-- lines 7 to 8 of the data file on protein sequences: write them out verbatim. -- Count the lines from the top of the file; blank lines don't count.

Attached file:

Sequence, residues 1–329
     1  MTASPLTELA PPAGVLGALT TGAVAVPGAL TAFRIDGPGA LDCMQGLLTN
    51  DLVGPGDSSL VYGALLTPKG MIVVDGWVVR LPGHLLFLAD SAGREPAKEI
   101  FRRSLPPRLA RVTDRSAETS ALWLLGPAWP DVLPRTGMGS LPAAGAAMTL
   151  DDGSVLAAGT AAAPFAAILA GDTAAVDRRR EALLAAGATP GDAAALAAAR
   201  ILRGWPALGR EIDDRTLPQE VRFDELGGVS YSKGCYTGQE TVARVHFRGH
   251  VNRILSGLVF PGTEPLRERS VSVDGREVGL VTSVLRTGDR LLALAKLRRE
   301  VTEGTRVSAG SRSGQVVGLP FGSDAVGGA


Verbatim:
   251  VNRILSGLVF PGTEPLRERS VSVDGREVGL VTSVLRTGDR LLALAKLRRE
   301  VTEGTRVSAG SRSGQVVGLP FGSDAVGGA